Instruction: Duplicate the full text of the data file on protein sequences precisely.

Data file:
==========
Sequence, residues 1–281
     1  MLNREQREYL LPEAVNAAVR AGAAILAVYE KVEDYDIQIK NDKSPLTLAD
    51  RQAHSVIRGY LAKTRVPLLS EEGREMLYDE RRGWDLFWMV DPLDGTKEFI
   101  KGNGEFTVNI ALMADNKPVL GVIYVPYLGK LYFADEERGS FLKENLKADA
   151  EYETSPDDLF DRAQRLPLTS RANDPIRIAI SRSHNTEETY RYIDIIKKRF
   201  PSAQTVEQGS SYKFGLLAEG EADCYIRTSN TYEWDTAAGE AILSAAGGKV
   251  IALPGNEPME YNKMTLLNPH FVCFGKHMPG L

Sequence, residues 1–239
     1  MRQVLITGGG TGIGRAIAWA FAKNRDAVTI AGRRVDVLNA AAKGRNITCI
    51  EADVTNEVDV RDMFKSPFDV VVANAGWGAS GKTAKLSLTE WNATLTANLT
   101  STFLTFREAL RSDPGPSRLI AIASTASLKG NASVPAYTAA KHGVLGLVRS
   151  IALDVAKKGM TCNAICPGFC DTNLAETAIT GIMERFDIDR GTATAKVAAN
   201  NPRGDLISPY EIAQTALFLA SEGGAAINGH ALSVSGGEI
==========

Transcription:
Sequence, residues 1–281
     1  MLNREQREYL LPEAVNAAVR AGAAILAVYE KVEDYDIQIK NDKSPLTLAD
    51  RQAHSVIRGY LAKTRVPLLS EEGREMLYDE RRGWDLFWMV DPLDGTKEFI
   101  KGNGEFTVNI ALMADNKPVL GVIYVPYLGK LYFADEERGS FLKENLKADA
   151  EYETSPDDLF DRAQRLPLTS RANDPIRIAI SRSHNTEETY RYIDIIKKRF
   201  PSAQTVEQGS SYKFGLLAEG EADCYIRTSN TYEWDTAAGE AILSAAGGKV
   251  IALPGNEPME YNKMTLLNPH FVCFGKHMPG L

Sequence, residues 1–239
     1  MRQVLITGGG TGIGRAIAWA FAKNRDAVTI AGRRVDVLNA AAKGRNITCI
    51  EADVTNEVDV RDMFKSPFDV VVANAGWGAS GKTAKLSLTE WNATLTANLT
   101  STFLTFREAL RSDPGPSRLI AIASTASLKG NASVPAYTAA KHGVLGLVRS
   151  IALDVAKKGM TCNAICPGFC DTNLAETAIT GIMERFDIDR GTATAKVAAN
   201  NPRGDLISPY EIAQTALFLA SEGGAAINGH ALSVSGGEI